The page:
Quinlan and Perry spent a lot of time together on the tennis court. “We had a big tennis group that we formed with our friend and instructor Drew Gerstein and our mutual friend, Hank Azaria, that eventually grew into a who’s-who of celebrity tennis players who were our friends — Scott Foley, Gavin Rossdale,” she says. “We’d always take the college kids we played tennis with out to dinner and Matty always picked up the tab. He traveled in the best group of guys, who were more brothers than friends, the majority of whom were the exact same guys he started off his career with, Azaria being the top of that list. Once Matthew and I reconnected, we traveled in a pack, not too unlike the sitcom he was on. He was so solid — and unfortunately, not solid in other ways.”

Maeve Quinlan


“Matty made sure my nephews and nieces from Ireland were with me when his and Hank Azaria’s play debuted in London.”

Sadly, Perry’s addiction issues proved not to be a thing of the past. Quinlan admits, “I had no idea how much he was internally struggling because his main focus was always making other people happy and laughing. He really thought the fame would make it all better but it didn’t.” It didn’t surprise the actress that Perry concealed his difficulties from her. “He was protective of me because he knew my first husband, [late actor] Tom Sizemore, was an addict,” she explains. “Because Matthew was always so extremely careful around me, I never saw him take a drink or abuse any substances. When we were inseparable, he was totally sober. As the years went on, he would hide it from me if he wasn’t doing well. He had some nasty and scary near-death stuff that he kept from me as he hated to disappoint me if he was using. That’s when he would go silent. And when I wouldn’t hear from him, I knew it was because he wasn’t doing well, and I knew he never would want me to know that he wasn’t doing well. He would tell me later, but when he [relapsed] he would isolate. I’d hear it from him, but well after the fact.”

Their contact slowly tapered off. “In the last few years, he would not even try and reach out,” Quinlan sighs. She got some insight into why via his best-selling memoir, 2022’s Friends, Lovers, and the Big Terrible Thing, in which he pulled few punches in detailing the severity of his drug abuse. “A mutual friend gave me his book and she said, ‘If you read it, please call and tell him that you’re proud of him,’ Quinlan shares. “I read the book and I was beyond shocked and devastated. Every page was very hard to turn. I knew some of his pain because he had told me, but I didn’t know the extent of all of his pain. I had no idea about how serious these drug rehabs were or the amount of them. I worried all the time but still I had no idea the state he was in. There was so much he kept hidden. So much suffering inside. I read it, finished it and I never called him, I suppose out of self-preservation. I was still worried about him and was scared of what I might hear. He knew the pain more than anyone that I had inside from trying to get my ex-husband sober, but you can’t make someone sober, I sadly learned from that marriage. They have to do it themselves.”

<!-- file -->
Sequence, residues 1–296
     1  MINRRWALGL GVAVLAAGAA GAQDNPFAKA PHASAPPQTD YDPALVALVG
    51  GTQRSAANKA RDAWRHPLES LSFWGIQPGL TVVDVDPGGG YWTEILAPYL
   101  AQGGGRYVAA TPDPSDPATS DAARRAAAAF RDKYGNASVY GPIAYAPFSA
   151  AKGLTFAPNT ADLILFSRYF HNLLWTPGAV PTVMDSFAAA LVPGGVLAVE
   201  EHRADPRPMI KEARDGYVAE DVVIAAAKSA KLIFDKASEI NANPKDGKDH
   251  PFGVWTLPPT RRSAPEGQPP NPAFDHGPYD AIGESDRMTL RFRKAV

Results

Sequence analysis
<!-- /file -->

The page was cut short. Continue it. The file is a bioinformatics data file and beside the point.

Admits Quinlan, “I regret to this day that I did not call Matthew to tell him I was proud of him. It took a lot of guts and bravery for him to write that book and be so brutally honest. I know him well enough to say he didn’t write that book for himself; he wrote that book to selflessly help others get sober by seeing his own difficult journey. I hope it helped others. I really do.” Her remorse over not reaching out to Perry, she says, “is one of the reasons I haven’t been able to post about him [since his passing], because while boundaries and tough love at times is necessary, compassion and love always has to be there. I wish I had made sure he had that from me. I absolutely adored him and I absolutely adore his wonderful family. I couldn’t stop thinking about them as I read the book and I most especially can’t stop thinking about them now. Greatest people.”

“I should have called Matty after I read it,” she concludes. “I wish I had called him and told him how much I cared for him. Not that that would’ve changed anything, but I think it would help me to get over it.” Her advice? “Never make my mistake. Always call the ones you love, and often, most especially when they need to hear that most.”

Maeve Quinlan


Perfect Match: Quinlan and Perry shared a passion for tennis.

When Quinlan learned of Perry’s death, “I was devastated,” she says. “It wasn’t a shock but I still couldn’t believe it happened. And although we hadn’t seen each other in a while, I miss him very much. He was truly a close friend. When I drive by our old apartment building on Doheny, I think so fondly of our elevator meet-ups and the fate that building had in store for both of us, not just later for us personally, but because it’s the building we both lived in when we each got cast in the longest-running shows of both of our careers,” FRIENDS FOR HIM and B&B for her.

Quinlan reflects, “To know him sober was the greatest gift of all. As the years went on, so many of us lost Matty little by little to his disease — and the important part of that sentence is that it is a disease. The best gift we could ever give Matthew in return for all the joy he gave us is to honor his wish that he be remembered for his work and success in helping others get sober through his foundation, Matthew Perry Foundation; donate and/or just spread the word via reporting his foundation on social media. That’s how we celebrate the one and only Matty, who the world knew as Matthew Perry.”

Katherine Kelly Lang, Maeve Quinlan

Jesse Grant/JPI

BOLD Endeavors: Quinlan as B&B’s Megan in a scene with Katherine Kelly Lang (Brooke) in 2001, the year before she reconnected with Perry.